O'Connell Street, Sligo: 'It used to be wonderful. Now it's a jungle'
THE VIEW FROM O'CONNELL STREET:In the final part of her series on the O’Connell Streets of Ireland, ROSITA BOLANDasks shoppers in Sligo how they would improve their main street. They have some unexpected suggestions
ON A WEEKDAY morning, the first thing that strikes you about O’Connell Street in Sligo is not the businesses along the street but the line of traffic that crawls down it. It’s clear that this one-way street is a busy artery. It also quickly becomes obvious that its shoppers are as vocal about what’s going on in the middle of O’Connell Street as they are about the shops that flank it: pedestrianisation is the topic everyone brings up in conversation.
The street used to carry two lanes of traffic, but in August 2006 it was pedestrianised, and trees were planted. It reopened to cars in December 2009, but this time with a single lane. The trees were removed. The footpaths have not been widened, but the cars are funnelled between two lines of steel bollards that leave room for pedestrians to use some of the roadway.
Kevin Colreavy of Sligo County Council says the borough council now plans to pedestrianise O’Connell Street again. In October last year it approved a proposal from the town’s councillors to pedestrianise O’Connell Street on Sundays, although the hours of closure to traffic have yet to be decided. That scheme will be reviewed after it has been operating for six months. The council says that it has asked the Department of the Environment, Community and Local Government for €500,000, to pay for the work involved, and that a response is still pending.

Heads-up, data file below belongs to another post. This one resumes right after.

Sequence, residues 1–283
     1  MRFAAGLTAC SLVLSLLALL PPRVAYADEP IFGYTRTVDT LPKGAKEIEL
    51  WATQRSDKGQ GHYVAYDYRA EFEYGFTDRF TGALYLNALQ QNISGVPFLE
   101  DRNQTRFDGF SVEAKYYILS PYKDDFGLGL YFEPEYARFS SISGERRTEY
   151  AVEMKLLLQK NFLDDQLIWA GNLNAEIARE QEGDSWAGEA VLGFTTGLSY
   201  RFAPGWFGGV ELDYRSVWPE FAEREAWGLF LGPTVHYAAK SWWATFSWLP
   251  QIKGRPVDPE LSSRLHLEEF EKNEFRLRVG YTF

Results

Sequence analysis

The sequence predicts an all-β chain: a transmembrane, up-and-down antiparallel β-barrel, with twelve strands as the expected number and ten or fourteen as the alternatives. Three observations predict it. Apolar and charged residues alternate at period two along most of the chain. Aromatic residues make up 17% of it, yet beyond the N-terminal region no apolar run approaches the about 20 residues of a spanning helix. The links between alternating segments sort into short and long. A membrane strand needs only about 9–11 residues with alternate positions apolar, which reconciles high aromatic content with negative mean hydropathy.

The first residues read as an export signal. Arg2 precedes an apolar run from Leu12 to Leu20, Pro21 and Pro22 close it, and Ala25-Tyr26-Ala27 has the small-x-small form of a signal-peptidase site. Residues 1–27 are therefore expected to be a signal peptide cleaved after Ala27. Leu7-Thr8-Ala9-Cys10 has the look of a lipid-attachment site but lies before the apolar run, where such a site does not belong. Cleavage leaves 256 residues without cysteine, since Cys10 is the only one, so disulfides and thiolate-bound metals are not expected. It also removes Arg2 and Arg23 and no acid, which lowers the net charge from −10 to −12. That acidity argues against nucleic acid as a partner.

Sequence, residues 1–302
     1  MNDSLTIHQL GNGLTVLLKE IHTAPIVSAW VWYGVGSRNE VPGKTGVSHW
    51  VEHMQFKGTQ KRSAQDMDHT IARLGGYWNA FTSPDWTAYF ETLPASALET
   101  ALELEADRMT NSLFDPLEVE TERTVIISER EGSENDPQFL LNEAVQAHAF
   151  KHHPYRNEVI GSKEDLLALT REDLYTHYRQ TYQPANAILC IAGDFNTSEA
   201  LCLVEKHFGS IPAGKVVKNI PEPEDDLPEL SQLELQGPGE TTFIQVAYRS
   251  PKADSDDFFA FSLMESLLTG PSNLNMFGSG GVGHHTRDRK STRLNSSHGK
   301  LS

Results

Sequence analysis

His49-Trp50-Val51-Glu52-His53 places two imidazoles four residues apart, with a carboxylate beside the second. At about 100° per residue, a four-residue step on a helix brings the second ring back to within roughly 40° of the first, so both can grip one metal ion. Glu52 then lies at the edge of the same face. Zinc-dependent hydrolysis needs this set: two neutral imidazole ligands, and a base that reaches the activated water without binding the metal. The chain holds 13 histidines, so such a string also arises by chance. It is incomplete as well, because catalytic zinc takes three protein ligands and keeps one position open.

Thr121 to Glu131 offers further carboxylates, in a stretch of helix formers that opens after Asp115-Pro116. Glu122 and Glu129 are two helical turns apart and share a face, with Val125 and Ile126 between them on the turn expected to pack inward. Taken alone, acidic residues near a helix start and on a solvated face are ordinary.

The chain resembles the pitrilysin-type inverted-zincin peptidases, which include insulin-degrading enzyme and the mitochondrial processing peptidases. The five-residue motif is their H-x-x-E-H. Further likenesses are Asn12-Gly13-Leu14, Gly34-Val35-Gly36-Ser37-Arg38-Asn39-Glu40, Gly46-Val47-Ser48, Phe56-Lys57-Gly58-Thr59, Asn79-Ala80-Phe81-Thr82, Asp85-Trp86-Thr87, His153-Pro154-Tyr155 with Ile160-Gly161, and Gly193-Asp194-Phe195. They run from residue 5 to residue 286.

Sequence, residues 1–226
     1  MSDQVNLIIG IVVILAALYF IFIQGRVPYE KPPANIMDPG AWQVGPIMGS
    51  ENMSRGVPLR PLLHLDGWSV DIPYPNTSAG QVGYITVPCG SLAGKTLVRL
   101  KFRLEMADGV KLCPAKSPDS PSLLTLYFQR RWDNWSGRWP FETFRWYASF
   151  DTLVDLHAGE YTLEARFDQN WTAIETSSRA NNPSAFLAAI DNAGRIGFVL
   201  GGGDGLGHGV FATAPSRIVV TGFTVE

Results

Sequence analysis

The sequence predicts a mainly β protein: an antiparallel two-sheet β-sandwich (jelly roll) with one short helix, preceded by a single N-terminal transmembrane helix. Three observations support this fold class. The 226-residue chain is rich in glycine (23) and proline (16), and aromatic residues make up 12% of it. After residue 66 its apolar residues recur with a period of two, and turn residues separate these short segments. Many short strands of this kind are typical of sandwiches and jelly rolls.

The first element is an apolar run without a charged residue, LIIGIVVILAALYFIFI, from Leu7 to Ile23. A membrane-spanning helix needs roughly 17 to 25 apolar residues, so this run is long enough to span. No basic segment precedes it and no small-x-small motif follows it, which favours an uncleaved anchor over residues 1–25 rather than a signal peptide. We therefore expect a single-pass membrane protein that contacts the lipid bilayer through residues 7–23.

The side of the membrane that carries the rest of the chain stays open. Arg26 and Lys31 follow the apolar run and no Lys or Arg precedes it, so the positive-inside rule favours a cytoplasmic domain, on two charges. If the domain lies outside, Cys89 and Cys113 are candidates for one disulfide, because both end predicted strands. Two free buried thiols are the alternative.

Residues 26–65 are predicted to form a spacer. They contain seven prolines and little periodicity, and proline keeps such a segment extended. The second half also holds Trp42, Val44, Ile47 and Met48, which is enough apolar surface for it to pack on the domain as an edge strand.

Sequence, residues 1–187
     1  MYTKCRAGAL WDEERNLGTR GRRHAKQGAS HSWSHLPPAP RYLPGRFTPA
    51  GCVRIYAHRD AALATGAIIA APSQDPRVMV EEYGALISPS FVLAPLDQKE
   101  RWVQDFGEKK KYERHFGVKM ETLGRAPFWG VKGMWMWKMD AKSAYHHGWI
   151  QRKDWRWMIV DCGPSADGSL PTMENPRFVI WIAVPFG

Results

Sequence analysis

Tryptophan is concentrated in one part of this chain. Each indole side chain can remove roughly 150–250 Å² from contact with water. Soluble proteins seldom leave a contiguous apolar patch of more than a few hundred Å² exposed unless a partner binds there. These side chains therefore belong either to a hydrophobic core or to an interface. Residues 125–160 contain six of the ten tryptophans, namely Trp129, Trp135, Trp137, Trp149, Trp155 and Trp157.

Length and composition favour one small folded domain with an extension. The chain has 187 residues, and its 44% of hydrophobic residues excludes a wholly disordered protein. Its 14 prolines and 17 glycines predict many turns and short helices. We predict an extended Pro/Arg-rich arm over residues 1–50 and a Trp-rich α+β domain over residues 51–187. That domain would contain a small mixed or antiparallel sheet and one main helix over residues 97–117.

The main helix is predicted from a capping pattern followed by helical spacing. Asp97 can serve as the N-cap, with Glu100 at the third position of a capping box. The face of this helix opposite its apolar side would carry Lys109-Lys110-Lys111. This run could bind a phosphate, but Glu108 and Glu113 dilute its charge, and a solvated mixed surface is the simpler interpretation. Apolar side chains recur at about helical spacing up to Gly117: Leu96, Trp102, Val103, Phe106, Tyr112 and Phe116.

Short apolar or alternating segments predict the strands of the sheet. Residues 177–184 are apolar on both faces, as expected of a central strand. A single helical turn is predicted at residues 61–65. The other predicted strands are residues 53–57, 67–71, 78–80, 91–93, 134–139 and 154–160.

ONE PERSON WHO is against the repedestrianisation of O’Connell Street is Michael Gleeson. “There is so little indigenous community living on the street now, over the shops. That’s part of the reason it didn’t work before. The street was dead at night, and people didn’t like walking down it.”
Gleeson says he doesn’t usually shop on O’Connell Street, as it “has the premier-priced shops, and I’m currently unemployed. Mostly, I use this street for socialising, not for shopping.”
The River Garavogue runs close by, and the Yeats Memorial Building – home of the Yeats Society – and Glasshouse Hotel stand near the northern end. At the other end is Source, a multistorey restaurant, wine bar and cookery school.
O’Connell Street has about 40 premises, including 10 clothes shops – one of them a Penneys – three jewellers, three pharmacies, three pubs and restaurants, a cafe, two bookshops, a one-hour photo shop, a discount shop, a bank, a shoe shop, the entrance to a shopping centre anchored by Tesco, and six that are empty or to let. Some of the businesses, such as Hargadon Bros pub, Moffitts of Sligo drapery and Mullaney Bros clothes shop, have been there for generations. Wehrly Bros Jewellers has been trading at 2-3 O’Connell Street since 1875.
According to Ann O’Rourke, however, “there’s nothing here on this street. I only walk down this street to go somewhere else, or to go to Penneys.” O’Rourke has stopped outside a shop that sells upmarket bags and shoes. She points at the window: “€150 and €200 for a bag! In the sale! How does anyone pay those prices? It’s value I look for, and I watch the price of everything.”
GERRY FEENEY, WHO is looking in the window of Mullaney Bros, says, “Shopping years ago here used to be an experience. The shops on this street had wonderful facades. This used to be a wonderful street, but it’s been turned into a jungle . . .
“What I mean by a jungle is that mostly you don’t know what’s there in the shops any more. You just stumble through the street. It’s become characterless. Not this shop, though. There’s still service here. Years ago, if you came into Mr Mullaney, he’d know if you’d put on a pound or two, and he’d steer you away from size 34 to size 36 just by looking at you.”